One has to wonder whether musicians and engineers really understand how to interact with technology as a larger social force — that is, beyond coveting the newest nerd- trinkets. Running a recording session effectively certainly demands a phenomenal amount of technical expertise, which in turn requires years of specialized training. But for the past decade there has been a looming specter which music, art and human creative endeavors have yet to effectively address: the personal computer changed everything about everything. iPods are destroying record labels. Mboxes kill studios. The fact that music written to physical surfaces is still the standard borders on ridiculous in an age of T3 data lines. How long until music — or even art as a whole — is computer generated? No, really. Think about that for a second.

If this all sounds a little too Terminator 2 for you, perhaps you should be looking to Peter Agelasto. The perpetually smiling, 32-year-old archaeologist-cum- recording-engineer has spent those same ten years hunkered down in rural Virginia building a studio compound and a vision, not as a stronghold against an artistic holocaust, but rather as a temple through which the music world can be reborn. Right around the turn of the millennium, Agelasto and the fellow musicians who had been congregating in his barn since the late 1990s began to organize their activities and soon found themselves at the helm of the first ever rock and roll cultural exchange program between the United States and China. The tour they orchestrated for the Cavesluts marked the first time in history that a Chinese band had released an album and toured in the U.S., and when the time came for Americans to reciprocate, Agelasto realized that they were really on to something: their efforts had attracted the interest of one of the most influential Western political and musical voices from the preceding century.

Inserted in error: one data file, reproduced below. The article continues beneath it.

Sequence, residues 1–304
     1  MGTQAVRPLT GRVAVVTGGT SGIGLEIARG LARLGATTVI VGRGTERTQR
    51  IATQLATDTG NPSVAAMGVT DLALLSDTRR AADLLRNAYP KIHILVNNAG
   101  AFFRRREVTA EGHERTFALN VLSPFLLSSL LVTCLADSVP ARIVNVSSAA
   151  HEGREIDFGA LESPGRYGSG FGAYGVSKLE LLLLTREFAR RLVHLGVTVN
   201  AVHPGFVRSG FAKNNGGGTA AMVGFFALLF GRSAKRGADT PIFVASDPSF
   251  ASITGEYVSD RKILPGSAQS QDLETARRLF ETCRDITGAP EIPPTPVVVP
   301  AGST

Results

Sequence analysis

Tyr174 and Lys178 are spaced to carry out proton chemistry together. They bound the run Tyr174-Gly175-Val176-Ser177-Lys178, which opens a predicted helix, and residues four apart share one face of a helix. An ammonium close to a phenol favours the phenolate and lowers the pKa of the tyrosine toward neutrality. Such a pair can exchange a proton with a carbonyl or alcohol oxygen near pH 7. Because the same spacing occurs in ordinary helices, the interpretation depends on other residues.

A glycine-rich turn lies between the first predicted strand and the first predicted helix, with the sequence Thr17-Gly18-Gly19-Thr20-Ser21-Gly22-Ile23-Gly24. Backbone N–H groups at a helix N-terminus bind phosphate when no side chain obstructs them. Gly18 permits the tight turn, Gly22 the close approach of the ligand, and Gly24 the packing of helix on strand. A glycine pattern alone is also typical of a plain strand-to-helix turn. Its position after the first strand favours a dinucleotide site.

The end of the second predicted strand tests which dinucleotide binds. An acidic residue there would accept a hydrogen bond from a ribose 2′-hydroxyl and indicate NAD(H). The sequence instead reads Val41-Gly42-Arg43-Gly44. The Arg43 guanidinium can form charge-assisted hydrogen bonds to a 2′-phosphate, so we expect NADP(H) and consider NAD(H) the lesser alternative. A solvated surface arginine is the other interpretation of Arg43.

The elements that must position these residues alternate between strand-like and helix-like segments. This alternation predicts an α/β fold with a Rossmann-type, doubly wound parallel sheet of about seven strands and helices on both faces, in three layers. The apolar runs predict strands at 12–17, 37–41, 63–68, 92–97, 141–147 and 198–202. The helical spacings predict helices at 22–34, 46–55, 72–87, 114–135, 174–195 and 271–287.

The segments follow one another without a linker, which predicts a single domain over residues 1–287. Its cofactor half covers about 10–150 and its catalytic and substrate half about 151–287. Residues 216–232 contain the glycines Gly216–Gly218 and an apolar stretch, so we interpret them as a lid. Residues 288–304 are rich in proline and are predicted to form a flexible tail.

"Bob Dylan liked the idea enough to pursue it with us through his London management. We were working with affiliates with Chinese television and the Ministry of Culture," he says. "We were going to sign contracts with Dylan — five shows — it was unbelievable, we were this barn out in the middle of Virginia! And then SARS broke out. I was like, 'Oh my god, this can't be happening. We worked for a year on this.'"

But even the most widely feared pandemic this side of smallpox couldn't dampen the momentum that the barn-dwellers had amassed. Two months later, they started building — even though they didn't quite know what they were working on.

"There was an outpouring of volunteer effort, and nearly everything was donated," Agelasto recalls. "This whole place had been populated by people showing up from everywhere, and it had this whole reverse Bermuda Triangle draw. It was almost like a sandcastle at the beach that everyone wants to come work on." Current estimates land them at between ten and fifteen thousand hours of labor from 130 volunteers and raw materials that were 27% post consumer industrial waste.

Ray Snably is now the house video guru, but he was a carpenter in a past life and looks back fondly on the construction process. "It was a blast, just feeling a piece of wood and seeing how it wanted to be shaped," he says. Here and there, occasional details of the studio still bear signs of his work: the doors to the isolation booths, for example, are jig sawed together from dozens of tiny pieces of scrap wood.

Agelasto concurs. "It was so creative, you'd think you were living in the 1500s," he says, "We were getting a lot of scrap oak and scrap poplar and used 2x4s. It really inspired everyone. It was such an energy. Everyone was really trying to build something."

What they built turned out to be a recording studio, but starting with recycled materials ignited a unique spark of ecological awareness...

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